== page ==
Do I have struggles? Yep. There’s the financial struggles which is why I’m seeking better income and also why I am sharing my Patreon more in the hopes of getting more support. There’s the struggle with being a good housekeeper. I suck at cleaning. I just never find the time for that kind of thing. There’s also learning to relate to people.

Fortunately around here, I do meet many people who within a month’s time already know me by name and seem genuinely happy to see me. I have no reason to think it’s fake. I definitely still want a lady in my life, but overall, I’m doing good.

However, most important, I owe this all to Christ. Without my Christian faith, I would not have made it where I am today. You can say you think God has dealt you a bad hand, but it could just be God knows you’re a really good player and you could play that hand for good more than anyone else could.

In light of all the difficulties, I love the positives more. I love being able to think on levels most people don’t. I love being able to recall numerous quotes and facts about my field of apologetics. I love being able to do complex math in my head and get to amaze people with my trick where I tell them what day of the week they were born on when I hear their birthday. I love getting to play games with people and be really good at it.

I don’t understand being happier when God doesn’t care about you. I am thoroughly angry about the people who told you God would help you when it was time, as if you had a cancer treatment or something and was just sitting in Heaven saying, “No. I want to make you suffer more.” Of course, God does bring about suffering in our lives sometimes, but it’s never for the sake of suffering. It’s so we can be even stronger because of it.

I understand not wanting to sing his praises every Sunday. That kind of thing is a struggle for me as most praise songs I hear seem shallow. For me, praise is done in the study of my academics and in enjoying the life that God gave me. It is expressing gratitude for my friends and my family and yes, my little kitty.

My Aspergers is not a death sentence. If anything, I have reached the point where I hope in eternity when I stand before God, I will still in some way be an Aspie. I consider it overall a gift. I understand not everyone does and I’m not telling them to see it that way.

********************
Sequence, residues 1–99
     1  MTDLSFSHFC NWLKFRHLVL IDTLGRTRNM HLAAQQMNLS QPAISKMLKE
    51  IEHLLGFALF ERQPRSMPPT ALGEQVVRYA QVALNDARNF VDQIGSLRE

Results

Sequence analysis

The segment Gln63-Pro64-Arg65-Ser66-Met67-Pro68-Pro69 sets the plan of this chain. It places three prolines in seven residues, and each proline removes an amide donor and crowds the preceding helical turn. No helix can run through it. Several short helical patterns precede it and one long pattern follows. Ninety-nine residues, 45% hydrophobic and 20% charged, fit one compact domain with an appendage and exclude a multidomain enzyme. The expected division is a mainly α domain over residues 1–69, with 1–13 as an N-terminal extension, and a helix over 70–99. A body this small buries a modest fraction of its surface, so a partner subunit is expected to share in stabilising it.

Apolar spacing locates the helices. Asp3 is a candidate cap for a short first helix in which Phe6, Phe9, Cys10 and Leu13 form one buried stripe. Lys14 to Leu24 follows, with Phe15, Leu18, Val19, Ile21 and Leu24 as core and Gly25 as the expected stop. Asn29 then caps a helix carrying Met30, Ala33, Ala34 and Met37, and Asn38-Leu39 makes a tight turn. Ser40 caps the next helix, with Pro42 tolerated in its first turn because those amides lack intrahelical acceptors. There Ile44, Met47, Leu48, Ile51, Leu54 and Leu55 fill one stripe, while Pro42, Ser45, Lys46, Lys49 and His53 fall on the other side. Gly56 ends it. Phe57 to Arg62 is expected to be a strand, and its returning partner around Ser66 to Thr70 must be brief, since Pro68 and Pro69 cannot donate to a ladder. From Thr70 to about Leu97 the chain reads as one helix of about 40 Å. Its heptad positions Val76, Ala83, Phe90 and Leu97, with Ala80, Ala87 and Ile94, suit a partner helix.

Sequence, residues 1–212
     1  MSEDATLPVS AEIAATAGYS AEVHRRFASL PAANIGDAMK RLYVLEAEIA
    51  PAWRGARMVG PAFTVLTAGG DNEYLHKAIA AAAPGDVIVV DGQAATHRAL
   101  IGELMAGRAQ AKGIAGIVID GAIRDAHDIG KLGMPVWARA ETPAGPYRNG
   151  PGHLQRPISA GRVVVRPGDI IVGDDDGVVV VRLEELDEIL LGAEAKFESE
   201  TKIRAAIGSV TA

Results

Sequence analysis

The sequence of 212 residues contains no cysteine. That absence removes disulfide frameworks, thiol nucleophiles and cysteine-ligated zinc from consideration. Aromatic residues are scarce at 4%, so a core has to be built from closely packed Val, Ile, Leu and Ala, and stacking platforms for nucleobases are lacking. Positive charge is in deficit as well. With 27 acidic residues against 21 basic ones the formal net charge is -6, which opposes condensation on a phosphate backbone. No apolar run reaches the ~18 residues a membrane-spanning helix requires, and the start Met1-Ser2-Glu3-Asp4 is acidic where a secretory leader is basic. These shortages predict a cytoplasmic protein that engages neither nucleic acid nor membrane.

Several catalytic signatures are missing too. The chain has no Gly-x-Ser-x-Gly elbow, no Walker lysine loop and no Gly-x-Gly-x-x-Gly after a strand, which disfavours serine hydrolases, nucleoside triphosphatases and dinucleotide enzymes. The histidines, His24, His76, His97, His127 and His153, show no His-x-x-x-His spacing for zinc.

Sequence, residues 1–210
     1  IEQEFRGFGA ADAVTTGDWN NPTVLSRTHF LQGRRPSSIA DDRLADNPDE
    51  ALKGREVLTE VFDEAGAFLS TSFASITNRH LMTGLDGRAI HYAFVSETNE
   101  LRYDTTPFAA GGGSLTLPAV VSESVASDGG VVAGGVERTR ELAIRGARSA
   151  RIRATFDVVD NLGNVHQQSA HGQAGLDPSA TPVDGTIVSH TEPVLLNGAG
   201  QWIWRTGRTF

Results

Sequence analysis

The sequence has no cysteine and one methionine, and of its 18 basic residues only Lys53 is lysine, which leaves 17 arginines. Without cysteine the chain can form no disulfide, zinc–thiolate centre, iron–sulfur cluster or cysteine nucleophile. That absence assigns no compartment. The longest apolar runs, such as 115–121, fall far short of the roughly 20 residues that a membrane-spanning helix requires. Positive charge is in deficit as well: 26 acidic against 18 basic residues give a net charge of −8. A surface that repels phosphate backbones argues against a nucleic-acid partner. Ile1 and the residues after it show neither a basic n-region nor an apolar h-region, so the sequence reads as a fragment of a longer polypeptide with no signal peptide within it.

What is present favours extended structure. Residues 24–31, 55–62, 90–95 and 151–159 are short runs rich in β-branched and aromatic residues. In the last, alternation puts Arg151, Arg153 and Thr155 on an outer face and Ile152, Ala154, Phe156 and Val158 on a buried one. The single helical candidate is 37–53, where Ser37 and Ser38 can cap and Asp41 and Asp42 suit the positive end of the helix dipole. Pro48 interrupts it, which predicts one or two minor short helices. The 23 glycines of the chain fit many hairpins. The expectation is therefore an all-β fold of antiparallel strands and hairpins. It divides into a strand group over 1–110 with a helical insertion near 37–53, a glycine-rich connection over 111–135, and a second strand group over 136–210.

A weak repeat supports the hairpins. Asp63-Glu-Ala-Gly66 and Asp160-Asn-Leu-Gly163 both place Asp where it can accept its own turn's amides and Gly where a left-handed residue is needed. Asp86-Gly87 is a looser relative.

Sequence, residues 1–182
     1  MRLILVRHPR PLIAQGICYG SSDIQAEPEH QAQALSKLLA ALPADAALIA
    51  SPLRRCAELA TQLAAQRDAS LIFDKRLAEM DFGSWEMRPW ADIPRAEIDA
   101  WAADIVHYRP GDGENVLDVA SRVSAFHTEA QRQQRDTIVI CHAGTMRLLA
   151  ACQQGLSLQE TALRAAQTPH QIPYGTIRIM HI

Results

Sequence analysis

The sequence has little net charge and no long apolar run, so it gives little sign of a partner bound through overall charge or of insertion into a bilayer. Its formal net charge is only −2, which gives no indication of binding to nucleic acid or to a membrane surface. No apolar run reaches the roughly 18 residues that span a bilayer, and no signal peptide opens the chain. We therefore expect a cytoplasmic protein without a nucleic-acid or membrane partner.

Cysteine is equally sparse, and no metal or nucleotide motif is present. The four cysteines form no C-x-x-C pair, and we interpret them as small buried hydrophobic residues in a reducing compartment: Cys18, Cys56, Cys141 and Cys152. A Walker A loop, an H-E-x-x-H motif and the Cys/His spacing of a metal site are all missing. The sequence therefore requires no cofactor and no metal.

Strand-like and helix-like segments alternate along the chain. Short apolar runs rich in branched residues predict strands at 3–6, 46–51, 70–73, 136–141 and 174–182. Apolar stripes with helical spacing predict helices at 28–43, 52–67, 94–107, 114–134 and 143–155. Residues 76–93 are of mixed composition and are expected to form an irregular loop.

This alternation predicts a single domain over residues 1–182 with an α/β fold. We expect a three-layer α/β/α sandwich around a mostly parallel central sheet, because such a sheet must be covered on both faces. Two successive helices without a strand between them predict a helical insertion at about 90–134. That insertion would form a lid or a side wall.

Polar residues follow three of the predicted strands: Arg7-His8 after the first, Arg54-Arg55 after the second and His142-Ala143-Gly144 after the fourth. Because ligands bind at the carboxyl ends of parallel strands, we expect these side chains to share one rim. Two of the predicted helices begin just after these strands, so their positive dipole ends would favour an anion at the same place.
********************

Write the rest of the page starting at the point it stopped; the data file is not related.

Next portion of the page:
I am telling you though that if Christianity is true, every ounce of suffering that you go through in life can be redeemed. Nothing is wasted. I’m not going to say anything to you about God having a plan for your life. I don’t treat such claims seriously. The plan God has for your life is ultimately easy. God’s plan is to conform you to the likeness of Christ.

I urge you to reconsider what you have decided on. Instead, look at the evidence for something like the resurrection of Jesus. See if Christianity is true. Knowing my faith is true is a great blessing to me and I enjoy being a part of God’s story. I enjoy the adventure of living everyday in the world He created.

And not only that, but all the struggles that I have, there are other people that can help me. I found someone I can hire, for example, to come over regularly and give my apartment a deep clean. That helps. I have friends here who can help me in other areas, including my relationships with women, and I’m working on starting up gaming groups right here on campus. I am also already winning the favor of my professors and others. Overall, life is good.

Again, I don’t know you, but if you do read this and want to reach out, I’m open to talk. I always hope the church can do more for people on the spectrum. Your story is one that I hope will stay in my mind as I work to make the church more disability friendly as well.

Please do reconsider. You are loved by God regardless of how you feel or what hand you think you have been dealt. There is hope.

In Christ,
Nick Peters
(And I affirm the virgin birth)

The post To The Aspie Who Became A Deist appeared first on Deeper Waters.